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|Designer(s)||Geoff Crammond, Jason McGann, Ian Bowden|
|Mode(s)||Single player, Multiplayer|
Sentinel Returns is a video game developed by Hookstone, produced by No-Name Games and published by Sony (under the Psygnosis label) in 1998, for PC and PlayStation. It is the sequel to The Sentinel by Geoff Crammond and features 651 levels, a multiplayer mode and a soundtrack (titled "Earth/Air") composed by John Carpenter and arranged by Gary McKill.
The PC version has native support limited to a software display mode and an accelerated Glide mode, because in 1998, 3DFX cards were the de facto standard for gaming 3D graphics. However, modern computers can run the game in accelerated mode with the wrappers nGlide, dgVoodoo, OpenGlide or zeckensack's Glide wrapper, which translate Glide calls respectively into Direct3D or OpenGL calls.
This game looks very different from its predecessor. While in The Sentinel the levels were bright and colorful, in Sentinel Returns they are dark and gloomy, with flashes of light being emitted when an object is created or absorbed, and the mouse pointer dynamically lighting the world. The game has a general "hallucinated" look: the skies are made out of contrasting streaks of color; the trees look like sperms; the boulders breathe and have a sphincter on the top; the sentinels and sentries are hybrids of flesh and metal; the sentinel stands are covered with skin and have four vertebral columns protruding from the corners; the "specimen" representing the living part of the synthoid resembles a hydatidiform mole, and it squirms and lets out a shriek when injected with a needle.
Controlling Synthoids that are standing at a higher level is fundamental to the game, because only the objects which occupy a visible square can be interacted with (the player may absorb or create objects on a boulder if the sides can be seen). While doing so, the player must watch for the rotation of the Sentinel and be careful not to stand in an area which the Sentinel can see, or else it will start absorbing energy from the Synthoid, and when the energy is gone, the game is over.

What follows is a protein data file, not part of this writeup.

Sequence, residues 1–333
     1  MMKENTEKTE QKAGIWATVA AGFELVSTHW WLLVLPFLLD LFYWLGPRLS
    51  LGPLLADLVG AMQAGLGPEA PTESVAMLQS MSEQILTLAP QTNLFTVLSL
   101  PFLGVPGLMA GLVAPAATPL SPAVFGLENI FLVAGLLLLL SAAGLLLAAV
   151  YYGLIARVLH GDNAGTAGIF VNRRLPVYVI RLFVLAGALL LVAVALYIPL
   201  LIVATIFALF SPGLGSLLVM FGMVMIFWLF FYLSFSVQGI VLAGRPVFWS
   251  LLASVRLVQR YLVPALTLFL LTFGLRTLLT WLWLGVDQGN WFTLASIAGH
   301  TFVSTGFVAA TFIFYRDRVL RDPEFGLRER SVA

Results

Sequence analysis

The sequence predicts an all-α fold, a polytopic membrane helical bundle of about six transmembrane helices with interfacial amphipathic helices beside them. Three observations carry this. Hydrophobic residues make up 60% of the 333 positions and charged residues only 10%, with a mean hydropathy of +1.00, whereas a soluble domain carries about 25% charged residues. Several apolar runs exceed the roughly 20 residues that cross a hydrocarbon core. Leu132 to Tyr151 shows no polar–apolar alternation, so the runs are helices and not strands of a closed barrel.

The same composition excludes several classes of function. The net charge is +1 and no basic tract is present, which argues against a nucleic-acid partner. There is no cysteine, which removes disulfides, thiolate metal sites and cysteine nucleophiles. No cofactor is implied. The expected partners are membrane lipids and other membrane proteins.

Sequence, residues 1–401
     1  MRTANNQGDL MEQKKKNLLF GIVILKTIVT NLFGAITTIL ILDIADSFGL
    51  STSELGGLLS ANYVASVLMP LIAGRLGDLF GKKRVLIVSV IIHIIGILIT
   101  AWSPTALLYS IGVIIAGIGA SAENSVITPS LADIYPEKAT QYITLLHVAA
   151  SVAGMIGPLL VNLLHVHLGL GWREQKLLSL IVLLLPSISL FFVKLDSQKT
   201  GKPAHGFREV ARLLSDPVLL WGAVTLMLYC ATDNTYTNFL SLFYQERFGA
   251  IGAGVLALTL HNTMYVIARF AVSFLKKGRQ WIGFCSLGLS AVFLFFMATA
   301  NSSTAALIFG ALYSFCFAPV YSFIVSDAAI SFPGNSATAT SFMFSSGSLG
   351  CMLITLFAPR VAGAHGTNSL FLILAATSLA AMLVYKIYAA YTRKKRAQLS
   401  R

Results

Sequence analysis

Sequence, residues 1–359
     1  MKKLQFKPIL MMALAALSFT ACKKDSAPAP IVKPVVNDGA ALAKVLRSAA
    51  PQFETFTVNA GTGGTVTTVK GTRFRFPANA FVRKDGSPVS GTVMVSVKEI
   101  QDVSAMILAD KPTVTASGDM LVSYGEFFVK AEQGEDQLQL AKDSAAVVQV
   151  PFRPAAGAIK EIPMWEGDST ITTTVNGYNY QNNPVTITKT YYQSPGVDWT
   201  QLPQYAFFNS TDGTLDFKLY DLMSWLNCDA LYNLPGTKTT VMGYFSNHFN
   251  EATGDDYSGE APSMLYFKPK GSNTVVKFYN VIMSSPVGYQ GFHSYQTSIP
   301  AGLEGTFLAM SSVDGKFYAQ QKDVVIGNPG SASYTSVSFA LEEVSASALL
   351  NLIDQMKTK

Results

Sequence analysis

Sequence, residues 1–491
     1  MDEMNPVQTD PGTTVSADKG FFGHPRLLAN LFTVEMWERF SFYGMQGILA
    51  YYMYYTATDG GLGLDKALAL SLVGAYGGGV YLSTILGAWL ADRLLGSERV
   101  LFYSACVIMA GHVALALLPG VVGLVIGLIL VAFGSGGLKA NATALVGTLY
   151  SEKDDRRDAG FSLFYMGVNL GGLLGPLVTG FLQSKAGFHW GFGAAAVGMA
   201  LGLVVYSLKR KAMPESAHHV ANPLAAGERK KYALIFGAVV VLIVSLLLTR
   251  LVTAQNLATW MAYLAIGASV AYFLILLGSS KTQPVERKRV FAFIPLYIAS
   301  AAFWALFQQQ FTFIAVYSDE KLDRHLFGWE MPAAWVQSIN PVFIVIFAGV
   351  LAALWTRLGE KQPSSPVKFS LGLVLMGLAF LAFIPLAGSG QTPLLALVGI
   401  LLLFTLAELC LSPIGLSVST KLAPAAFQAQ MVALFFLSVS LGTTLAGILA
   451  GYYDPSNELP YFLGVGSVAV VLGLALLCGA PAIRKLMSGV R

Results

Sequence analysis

Height is gained by placing a boulder on any visible square, and putting a Synthoid on the boulder. The player may then transfer consciousness to the new Synthoid, and absorb the old one. Stacks of boulders of any height may be created, if the player has enough energy. In order to absorb the Sentinel, the player must create a stack of boulders of sufficient height that the Synthoid on top can look down on the Sentinel's platform. When the Sentinel has been absorbed, the player may no longer absorb any energy from the landscape, although objects may be created as normal.
In later levels, the Sentinel is assisted by a number of Sentries. They behave exactly like the Sentinel, but absorbing them is not necessary to complete the level. Unlike the Sentinel, the Sentries do not stand on a platform but on ordinary squares. Attention must also be paid to nearby trees: if the Sentinel or Sentry cannot see the square the Synthoid is standing on, but its head is visible and there are trees in the vicinity, it may transform one of them into a Meanie, which will force the Synthoid to hyperspace and lose 3 units of energy. If the Meanie itself cannot see the player's square after a full rotation, it will turn back into a tree and the Sentinel or Sentry will resume rotation.
The rotation of the Sentinel and the Sentries is slow and predictable. However, if there are many Sentries, there will be few safe locations anywhere on the landscape. If either the Sentinel or the Sentries come across a source of energy (boulders or a synthoid), their rotation stops while they absorb the energy, one unit at a time. Meanwhile, to keep the total energy of the landscape constant, a tree is created randomly on the landscape for each absorbed unit of energy.
List of objects that can exist in the Sentinel world:
- Tree (1 unit of energy)
- Meanie (1 unit of energy)
- Boulder (2 units of energy)
- Synthoid (3 units of energy)
- Sentry (3 units of energy)
- Sentinel (4 units of energy)